The cloud and machine learning: two phrases with a lot of hype that few people understand. We’re intimately familiar with both here at Leverege, so hopefully this article will shed some light on the two topics.
Before we share what we’ve learned using Google Cloud ML Engine, we need to do a quick refresher on how machine learning is done in production. There are roughly 4 steps:
- Identify the problem you want to solve. For instance, you want an algorithm that can classify emails as spam or not, so that your inbox isn’t flooded with junk mail.
- Find/build a machine learning model that solves the problem. Using the above example, you might try an ML algorithm called ‘Naive Bayes’.
- Train your ML model. All machine learning models need to be trained before they can be used. You’ll need to feed your ‘Naive Bayes’ model examples of spam/legitimate emails so they can learn how to classify new emails.
- Deploy your ML model. Now that you have a trained ‘Naive Bayes’ spam filter, use it to filter new emails.
So how does Google Cloud ML fit into all of this? It helps solve steps three and four: training and deployment.
It’s possible to train machine learning models on your personal laptop, but it’s not scalable. If you’re training your ‘Naive Bayes’ classifier on thousands of emails, your laptop might be good enough. But what if you have millions of training emails? Or what if your training algorithm is very complicated and takes a long time to run? This is where Cloud ML comes into play.
With Cloud ML engine, you can train your ML model in the cloud using Google’s distributed network of computers. Instead of just using your laptop to train your model, Google will run your training algorithm on multiple computers to speed up the process. Furthermore, you can configure the types of CPUs/GPUs these computers run on. There are some algorithms that run a lot faster if you use GPUs instead of CPUs.
Another benefit we’ve found of training with Cloud ML Engine is that you don’t have to worry about storing the training data. If you have a million emails to train your spam filter, how are you going to get them on your laptop to train your model? When you train your model using Cloud ML, you can easily store your training data online in a Google Cloud Storage “Bucket”.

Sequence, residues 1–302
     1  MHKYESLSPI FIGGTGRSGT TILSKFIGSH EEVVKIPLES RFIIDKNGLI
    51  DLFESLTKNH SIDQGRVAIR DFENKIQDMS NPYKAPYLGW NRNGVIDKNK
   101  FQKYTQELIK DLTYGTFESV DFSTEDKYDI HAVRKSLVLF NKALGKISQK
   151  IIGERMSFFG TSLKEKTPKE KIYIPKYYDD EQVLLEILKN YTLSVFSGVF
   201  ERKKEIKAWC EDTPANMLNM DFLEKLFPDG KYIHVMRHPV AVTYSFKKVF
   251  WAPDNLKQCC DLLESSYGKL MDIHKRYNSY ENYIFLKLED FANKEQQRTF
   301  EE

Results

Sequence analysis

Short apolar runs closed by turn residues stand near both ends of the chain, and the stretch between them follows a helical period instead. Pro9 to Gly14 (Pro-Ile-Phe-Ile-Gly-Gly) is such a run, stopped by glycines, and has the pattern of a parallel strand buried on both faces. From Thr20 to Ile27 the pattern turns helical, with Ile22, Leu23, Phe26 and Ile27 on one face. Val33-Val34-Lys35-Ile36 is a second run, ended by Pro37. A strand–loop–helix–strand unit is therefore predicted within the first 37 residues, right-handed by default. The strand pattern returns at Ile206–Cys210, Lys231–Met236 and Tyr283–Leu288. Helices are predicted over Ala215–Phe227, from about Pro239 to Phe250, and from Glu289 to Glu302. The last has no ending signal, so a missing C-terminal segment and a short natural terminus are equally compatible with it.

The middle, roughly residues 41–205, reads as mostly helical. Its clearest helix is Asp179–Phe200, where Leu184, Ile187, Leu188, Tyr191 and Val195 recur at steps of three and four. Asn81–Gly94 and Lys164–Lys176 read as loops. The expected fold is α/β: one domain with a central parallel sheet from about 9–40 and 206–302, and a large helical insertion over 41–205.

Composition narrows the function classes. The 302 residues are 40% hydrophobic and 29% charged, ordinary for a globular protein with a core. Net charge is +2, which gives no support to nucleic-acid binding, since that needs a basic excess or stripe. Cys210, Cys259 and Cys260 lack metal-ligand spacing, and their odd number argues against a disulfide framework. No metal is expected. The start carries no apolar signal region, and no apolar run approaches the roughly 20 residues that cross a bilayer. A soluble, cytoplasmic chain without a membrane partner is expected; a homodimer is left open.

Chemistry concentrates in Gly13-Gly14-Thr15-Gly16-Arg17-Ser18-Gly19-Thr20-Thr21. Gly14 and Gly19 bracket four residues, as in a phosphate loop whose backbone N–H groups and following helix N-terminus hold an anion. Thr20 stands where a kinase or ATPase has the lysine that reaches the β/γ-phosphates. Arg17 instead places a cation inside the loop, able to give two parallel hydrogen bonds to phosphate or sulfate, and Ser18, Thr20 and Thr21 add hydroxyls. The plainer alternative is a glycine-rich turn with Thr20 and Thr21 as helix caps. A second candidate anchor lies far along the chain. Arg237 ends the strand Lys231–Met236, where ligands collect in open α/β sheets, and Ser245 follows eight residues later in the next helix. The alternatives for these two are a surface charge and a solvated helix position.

The steps involved with building a machine learning model in TensorFlow and packaging your code so that Cloud ML Engine can process it are a bit complicated and beyond the scope of this high level overview. You can start learning about the details here.
However, when you’ve built the model and are ready to train, submitting the training job to Google Cloud ML Engine is just a quick shell script command:
gcloud ml-engine jobs submit training $JOB_NAME \
–job-dir $OUTPUT_PATH \
–runtime-version 1.2 \
–module-name trainer.task \
–package-path trainer/ \
–region $REGION \
–scale-tier STANDARD_1 \
–train-files $TRAIN_DATA \
–eval-files $EVAL_DATA \
–train-steps 1000 \
–verbosity DEBUG \
The important part to understand is that trainer.task is the file that contains your TensorFlow application and STANDARD_1 specifies that you want to use multiple computers (distributed computing) to train your model.
Now that you’ve trained your model and verified that it works correctly, how do you use it to make new predictions? For instance, suppose you have an amazing ‘Naive Bayes’ ML spam filter, how do you make that service available to others?
One thing you could do is build a backend web server, like www.my-spam-filtering-api.com (not a real website) that takes in emails as POST requests and responds with the ML algorithm’s guess about whether or not the email is spam. But what if your backend web server gets tens of thousand of requests? Will it be able to handle the load or will it break?
Google Cloud ML let’s you avoid the complexity of building a scalable machine learning web server by doing it for you. If you put your machine learning algorithm on Google Cloud ML, it can handle predictions for you. Right now, it supports “online predictions” and “batch predictions”.
Use online predictions if you have a couple (i.e. ten) data points that you want to run through your algorithm. For larger datasets (i.e. thousands of points) use batch predictions.
Our team has found that Google Cloud ML Engine is a great way to scale up a machine learning algorithm as you can train models on larger datasets in a shorter amount of time. It makes the transition from building the model to actually making predictions quick and easy, so it may be worth considering for your machine learning workflow.